Joint-use plan for APG airfield suspended

Security concerns noted in Harford Co.'s decision about civilian-military mix

October 18, 2001|By Lane Harvey Brown | Lane Harvey Brown,SUN STAFF

Noting residents' heightened concerns about airplanes and security, Harford County Executive James M. Harkins said yesterday that he was suspending plans indefinitely for joint civilian-military use of Phillips Army Airfield at Aberdeen Proving Ground.

"Given what's going on nationally ... I think it's prudent to put it on hold," he said.

Harkins said he made the decision yesterday after talking with county residents and meeting with Dr. Gunther Hirsch, County Council president, an opponent of the joint-use plan.

"The decision was mutually agreeable," Hirsch said. "I feel Mr. Harkins did the right thing."

Aberdeen Proving Ground's garrison commander, Col. Mardi U. Mark, learned about the decision yesterday before attending a County Council meeting to discuss APG security issues, said garrison spokesman George Mercer.

"We were waiting for their feasibility study anyway," Mercer said. "This really hasn't changed our position. It takes it off our calendar for the moment."

But Ron Roz, president of Citizens for Plane Answers, the group leading a community fight against the plan, expressed tepid support for the announcement.

"I think it's very nice that Mr. Harkins suspended it, but he ought to go one step further and put it to bed, not ever do it," said Roz. "It just puts too many people at risk."

The idea of shared civilian-military use of the airfield has been around for 15 to 20 years, said Hirsch. The Army has viewed it as a way to reduce maintenance costs on the airfield, while the county thought its use for civilian cargo and corporate planes would give the area an economic boost.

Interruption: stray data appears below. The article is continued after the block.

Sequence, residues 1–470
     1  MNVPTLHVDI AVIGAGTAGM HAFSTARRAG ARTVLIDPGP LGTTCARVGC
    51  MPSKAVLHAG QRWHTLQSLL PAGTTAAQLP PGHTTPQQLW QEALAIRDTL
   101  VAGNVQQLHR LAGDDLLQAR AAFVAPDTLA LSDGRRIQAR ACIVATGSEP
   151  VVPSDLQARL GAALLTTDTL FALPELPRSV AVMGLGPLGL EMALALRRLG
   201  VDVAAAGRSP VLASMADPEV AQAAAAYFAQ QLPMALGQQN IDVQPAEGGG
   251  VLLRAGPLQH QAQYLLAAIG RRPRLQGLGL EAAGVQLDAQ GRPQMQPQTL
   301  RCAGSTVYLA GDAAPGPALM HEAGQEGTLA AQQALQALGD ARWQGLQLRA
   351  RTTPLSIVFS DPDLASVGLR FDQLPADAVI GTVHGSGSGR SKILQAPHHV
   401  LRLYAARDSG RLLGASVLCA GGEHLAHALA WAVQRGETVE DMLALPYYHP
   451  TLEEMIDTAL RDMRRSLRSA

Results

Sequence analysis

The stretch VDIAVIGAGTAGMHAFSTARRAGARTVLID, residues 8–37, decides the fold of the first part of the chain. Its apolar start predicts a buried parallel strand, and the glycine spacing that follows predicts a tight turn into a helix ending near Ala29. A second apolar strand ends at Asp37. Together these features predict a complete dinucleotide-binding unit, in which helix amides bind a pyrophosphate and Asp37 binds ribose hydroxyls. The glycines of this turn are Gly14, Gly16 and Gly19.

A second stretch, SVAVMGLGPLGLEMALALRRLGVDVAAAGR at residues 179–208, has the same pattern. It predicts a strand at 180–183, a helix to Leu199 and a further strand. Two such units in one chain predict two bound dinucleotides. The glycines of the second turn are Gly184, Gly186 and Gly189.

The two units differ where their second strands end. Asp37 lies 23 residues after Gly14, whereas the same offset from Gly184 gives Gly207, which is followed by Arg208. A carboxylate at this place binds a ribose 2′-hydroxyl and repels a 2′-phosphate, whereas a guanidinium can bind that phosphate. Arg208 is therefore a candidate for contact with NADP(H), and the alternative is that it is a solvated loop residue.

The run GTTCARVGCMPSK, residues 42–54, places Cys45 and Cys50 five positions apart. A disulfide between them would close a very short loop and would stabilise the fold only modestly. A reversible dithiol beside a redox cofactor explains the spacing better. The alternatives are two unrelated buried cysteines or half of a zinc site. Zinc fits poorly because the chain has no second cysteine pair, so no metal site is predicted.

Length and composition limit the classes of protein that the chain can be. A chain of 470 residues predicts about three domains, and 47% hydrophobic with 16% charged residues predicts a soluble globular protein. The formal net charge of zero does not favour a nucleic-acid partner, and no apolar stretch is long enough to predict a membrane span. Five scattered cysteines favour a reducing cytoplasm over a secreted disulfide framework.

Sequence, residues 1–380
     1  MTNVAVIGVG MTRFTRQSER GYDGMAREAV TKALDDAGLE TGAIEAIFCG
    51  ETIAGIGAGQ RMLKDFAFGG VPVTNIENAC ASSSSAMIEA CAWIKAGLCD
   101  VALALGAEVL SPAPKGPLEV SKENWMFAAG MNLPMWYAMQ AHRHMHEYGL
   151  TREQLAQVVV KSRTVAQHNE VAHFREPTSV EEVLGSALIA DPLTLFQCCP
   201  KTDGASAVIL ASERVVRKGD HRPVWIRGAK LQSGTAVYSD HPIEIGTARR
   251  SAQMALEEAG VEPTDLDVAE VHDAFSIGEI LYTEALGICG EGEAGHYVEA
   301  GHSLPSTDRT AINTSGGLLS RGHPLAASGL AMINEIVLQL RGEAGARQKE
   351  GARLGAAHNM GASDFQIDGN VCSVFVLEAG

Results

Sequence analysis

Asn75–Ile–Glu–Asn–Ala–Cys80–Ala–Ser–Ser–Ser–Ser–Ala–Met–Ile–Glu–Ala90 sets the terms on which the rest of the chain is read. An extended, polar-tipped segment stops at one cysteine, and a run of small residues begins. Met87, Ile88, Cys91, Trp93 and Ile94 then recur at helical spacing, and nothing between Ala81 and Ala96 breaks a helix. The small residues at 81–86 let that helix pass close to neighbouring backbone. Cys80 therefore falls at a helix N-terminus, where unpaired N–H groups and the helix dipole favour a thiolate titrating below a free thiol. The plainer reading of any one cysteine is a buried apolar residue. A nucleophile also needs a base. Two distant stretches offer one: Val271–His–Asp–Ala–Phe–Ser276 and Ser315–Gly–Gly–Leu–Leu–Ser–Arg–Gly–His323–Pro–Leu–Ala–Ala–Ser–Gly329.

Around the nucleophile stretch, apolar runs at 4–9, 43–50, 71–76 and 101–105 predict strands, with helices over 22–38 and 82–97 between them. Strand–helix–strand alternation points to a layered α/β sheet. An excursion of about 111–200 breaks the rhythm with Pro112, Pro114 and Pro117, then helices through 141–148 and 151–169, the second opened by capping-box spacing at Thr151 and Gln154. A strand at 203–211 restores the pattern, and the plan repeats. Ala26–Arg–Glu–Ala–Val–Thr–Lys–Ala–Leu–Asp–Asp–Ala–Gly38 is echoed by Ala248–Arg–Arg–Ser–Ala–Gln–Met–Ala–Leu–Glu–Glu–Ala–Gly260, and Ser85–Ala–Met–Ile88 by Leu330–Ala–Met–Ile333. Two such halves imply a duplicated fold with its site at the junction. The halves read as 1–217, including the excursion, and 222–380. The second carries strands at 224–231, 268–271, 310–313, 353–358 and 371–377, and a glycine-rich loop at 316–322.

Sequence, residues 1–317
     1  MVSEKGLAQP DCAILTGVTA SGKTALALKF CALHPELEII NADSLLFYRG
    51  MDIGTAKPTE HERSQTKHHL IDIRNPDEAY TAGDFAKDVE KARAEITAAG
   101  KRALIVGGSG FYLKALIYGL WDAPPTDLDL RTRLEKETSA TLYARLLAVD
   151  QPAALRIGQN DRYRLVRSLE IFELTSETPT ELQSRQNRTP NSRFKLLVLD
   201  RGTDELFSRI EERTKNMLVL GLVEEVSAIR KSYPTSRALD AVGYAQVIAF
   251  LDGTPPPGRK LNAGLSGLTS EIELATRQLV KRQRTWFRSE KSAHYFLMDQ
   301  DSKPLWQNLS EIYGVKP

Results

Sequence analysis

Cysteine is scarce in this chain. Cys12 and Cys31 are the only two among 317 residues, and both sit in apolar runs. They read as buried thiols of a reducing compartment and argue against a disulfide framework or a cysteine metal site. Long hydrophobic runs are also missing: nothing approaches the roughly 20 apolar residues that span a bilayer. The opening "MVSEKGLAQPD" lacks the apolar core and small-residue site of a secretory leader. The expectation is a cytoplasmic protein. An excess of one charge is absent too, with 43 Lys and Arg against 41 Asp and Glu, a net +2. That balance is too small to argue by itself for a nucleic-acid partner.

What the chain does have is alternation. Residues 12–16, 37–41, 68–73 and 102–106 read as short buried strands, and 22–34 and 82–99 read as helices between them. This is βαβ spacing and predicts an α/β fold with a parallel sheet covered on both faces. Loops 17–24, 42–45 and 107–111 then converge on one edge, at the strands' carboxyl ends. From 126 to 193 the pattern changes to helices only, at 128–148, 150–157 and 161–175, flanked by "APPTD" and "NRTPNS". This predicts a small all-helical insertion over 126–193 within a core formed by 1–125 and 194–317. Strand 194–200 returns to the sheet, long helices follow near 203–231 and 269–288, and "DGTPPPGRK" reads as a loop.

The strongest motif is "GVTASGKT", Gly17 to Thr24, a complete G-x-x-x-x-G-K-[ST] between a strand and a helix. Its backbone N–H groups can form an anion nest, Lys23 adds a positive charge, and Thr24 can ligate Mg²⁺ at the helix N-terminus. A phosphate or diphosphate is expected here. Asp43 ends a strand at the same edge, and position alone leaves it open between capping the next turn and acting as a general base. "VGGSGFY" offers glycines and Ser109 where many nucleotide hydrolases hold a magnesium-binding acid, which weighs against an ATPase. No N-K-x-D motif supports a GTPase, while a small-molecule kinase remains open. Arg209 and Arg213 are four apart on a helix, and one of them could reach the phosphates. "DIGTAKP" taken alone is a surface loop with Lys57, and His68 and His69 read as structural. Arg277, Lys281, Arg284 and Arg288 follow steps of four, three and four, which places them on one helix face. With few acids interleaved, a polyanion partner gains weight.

But community debate intensified in January with county passage of a bill to create a quasi-independent airport authority to run the facility, which is in the Aberdeen area of the proving ground. Residents raised concerns ranging from the number of planes that would use the airfield daily to the threat that a crash would pose to chemical and biological material stored nearby in the Edgewood area.

A petition drive seeking to put the issue on the county ballot next November drew 3,000 more signatures than needed, but was rejected by county attorneys on technical grounds.

In May, the council passed a new measure allowing for appointment of an airport authority only after a consultant conducted a feasibility study and the results were reviewed by the public and the council.

Deputy County Attorney Robert McCord said the consultant for the $400,000 feasibility study had been chosen, but the county had received no money from the Federal Aviation Administration.

McCord said Harkins' decision was an appropriate use of his executive power. "He has the authority to decide how quickly to proceed with studying the issue," he said.

J. Thomas Sadowski, economic development director for the county, said Harkins made a wise decision.

"It's of significant importance to the community, but right now, there are other things at APG requiring our attention," he said.

Sadowski added that several military construction projects are under way on the installation and that the county tries to support the proving ground on such goals.

Harkins said the Phillips proposal requires a "lot of time and coordination." Since Sept. 11, though, the administration's daily focus has shifted.

"Every day I spend a goodly part of my day on security issues. The timing of anything has to be appropriate," he said. "We've got a bigger focus right now. There will be another time for" the airfield proposal.

But residents remain concerned.

"If [Harkins] is just suspending the proposal until `America gets back to normal' and pops it up again," Roz said, "we've got a problem, because the same concerns are there."

He said his group's lawsuit against the county, seeking to overturn the legal department's rejection of its petitions, will go forward in Harford Circuit Court at 2 p.m. today. "We're definitely going to make it a political issue," he said.

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